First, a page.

THE TECHNOLOGICAL DISRUPTIONS introduced by big data are forcing businesses to reinvent themselves, yet many of today’s top executives do not have the data literacy skills they need. In fact, by the year 2020, half of all organizations will lack the requisite skills to handle technology, according to “A Data and Analytics Leader’s Guide to Data Literacy,” a piece from research firm Gartner. Furthermore, most business managers struggle to translate their vision for digital transformation into practice.
To help executives gain data literacy and learn to infuse data logic into their projects, the two of us have developed the Data-Driven Business Models (DDBM) method. We began working on the methodology in 2017 as we offered multiple workshops and assignments at several EM Lyon Business School campuses in France.
To develop DDBM, we began by defining three components of data literacy: acculturation, or a familiarity with how data works and how it can create value; methodology, or an understanding of the available methods; and hands-on experience. DDBM workshops provide these components through sessions that incorporate these elements:
- Business Model Canvases. We use these visual templates, popularized by Alex Osterwalder and Yves Pigneur, to help executives formalize their projects and ask themselves essential questions.
- Current business literature. We also share the latest insights from experts in the field, such as Andrew McAfee’s work on how technology affects business and society.
- Design thinking. We teach executives this process for creative problem-solving so they learn to balance the three pillars of desirability, viability, and feasibility.
- Agility and teamwork. We take participants through a series of timed, focused exercises as they fill in their DDBM canvases and determine how to pitch their projects to their executive committees.
HOW IT WORKS
Before executives participate in DDBM workshops, we first have them acquire fundamental knowledge about the concepts through online readings and videos, as well as a two-day seminar that explains the managerial relevance of current technologies such as artificial intelligence. The DDBM workshops themselves last half a day to a full day.
During the workshops, participants are grouped into three- to five-person teams that collectively decide on a business project to address—usually a case from one of their companies. Together, they fill in ten canvases that lead them through defining their target users and their problems, identifying potential sources of data, and aligning their solutions with the organization’s business strategy. By the time they have reached the last canvas, participants have designed a business project that delivers value, guides the organization through digital transformation, aligns with organizational strategy, and meets the needs of the end user.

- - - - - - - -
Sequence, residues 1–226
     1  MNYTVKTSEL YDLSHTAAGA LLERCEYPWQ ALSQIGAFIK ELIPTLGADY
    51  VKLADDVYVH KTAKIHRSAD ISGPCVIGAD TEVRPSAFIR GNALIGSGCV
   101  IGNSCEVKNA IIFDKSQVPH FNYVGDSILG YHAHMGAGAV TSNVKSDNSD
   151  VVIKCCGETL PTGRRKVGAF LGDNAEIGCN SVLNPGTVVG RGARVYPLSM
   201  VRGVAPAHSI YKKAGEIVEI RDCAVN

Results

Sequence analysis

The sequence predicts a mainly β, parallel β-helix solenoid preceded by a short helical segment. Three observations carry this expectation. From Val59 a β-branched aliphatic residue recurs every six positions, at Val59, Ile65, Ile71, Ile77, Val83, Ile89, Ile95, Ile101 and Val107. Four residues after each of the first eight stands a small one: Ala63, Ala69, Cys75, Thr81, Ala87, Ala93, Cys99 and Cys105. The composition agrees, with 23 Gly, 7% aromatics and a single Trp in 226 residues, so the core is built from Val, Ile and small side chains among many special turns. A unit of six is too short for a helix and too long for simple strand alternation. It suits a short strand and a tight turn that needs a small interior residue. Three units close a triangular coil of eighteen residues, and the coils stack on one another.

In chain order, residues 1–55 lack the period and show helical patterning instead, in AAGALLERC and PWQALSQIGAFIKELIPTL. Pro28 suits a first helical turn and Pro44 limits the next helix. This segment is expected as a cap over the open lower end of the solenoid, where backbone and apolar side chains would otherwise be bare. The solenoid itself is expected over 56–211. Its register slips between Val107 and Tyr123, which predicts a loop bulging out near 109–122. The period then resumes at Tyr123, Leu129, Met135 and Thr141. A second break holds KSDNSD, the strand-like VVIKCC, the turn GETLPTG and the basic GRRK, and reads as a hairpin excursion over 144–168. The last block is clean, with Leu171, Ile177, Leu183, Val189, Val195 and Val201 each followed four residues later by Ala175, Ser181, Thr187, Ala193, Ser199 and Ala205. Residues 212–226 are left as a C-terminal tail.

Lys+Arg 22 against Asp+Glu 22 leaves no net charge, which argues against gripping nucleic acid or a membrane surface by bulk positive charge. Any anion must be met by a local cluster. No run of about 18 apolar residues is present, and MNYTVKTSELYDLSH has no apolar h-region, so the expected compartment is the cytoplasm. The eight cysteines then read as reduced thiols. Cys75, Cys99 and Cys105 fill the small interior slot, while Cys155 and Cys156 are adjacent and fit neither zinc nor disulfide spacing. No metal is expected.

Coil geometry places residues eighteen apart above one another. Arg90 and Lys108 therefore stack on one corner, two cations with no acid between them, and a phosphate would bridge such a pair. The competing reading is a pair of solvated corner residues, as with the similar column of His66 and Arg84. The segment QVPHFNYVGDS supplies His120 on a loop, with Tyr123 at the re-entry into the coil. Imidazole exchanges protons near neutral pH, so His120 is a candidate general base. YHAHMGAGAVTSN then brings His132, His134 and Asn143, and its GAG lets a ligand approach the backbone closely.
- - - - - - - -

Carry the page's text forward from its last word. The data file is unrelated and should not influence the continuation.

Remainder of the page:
After groups have finalized all their canvases, they take turns sharing their ideas in three-minute pitches that simulate presentations to an executive committee. Group members must structure their pitches around three essential topics: what problem they’re trying to solve and for whom, how they are solving it, and why the solution is important for their organization.
Executives who have participated in DDBM workshops consistently identify four features they appreciate most. First is the time-boxing approach, which forces them to zoom in on essentials. Second is the opportunity to receive unbiased feedback from peers working in other functions or industries. Third is the canvas format, which leads them to ask the right questions about their projects. Fourth is the fact that the workshop results in a tangible, reusable deliverable.
DDBM is part of a growing and recent trend in adapting managerial toolkits for organizations interested in becoming “data mature.” It is free to use, and all materials can be downloaded from our website. We think a method develops best when it is tested and challenged in a variety of settings, so we welcome input from professors and executives so we can continue to improve it in the future.
Guillaume Lecuyer is product marketing director of software vendor Visiativ and Clément Levallois is an associate professor in data valuation at EM Lyon Business School, both in Lyon, France.
Get details on the Data-Driven Business Models method.
For this canvas, which participants fill out near the beginning of the workshop,
managers build a profile of an end user who faces a particular problem or frustration.
For this canvas, participants identify sources of data they can use to solve a particular
business challenge—and note whether those data sources already exist or must be created.
Participants also fill out canvases like this one, in which they consider how their
proposed projects align with the strategic objectives of their organizations.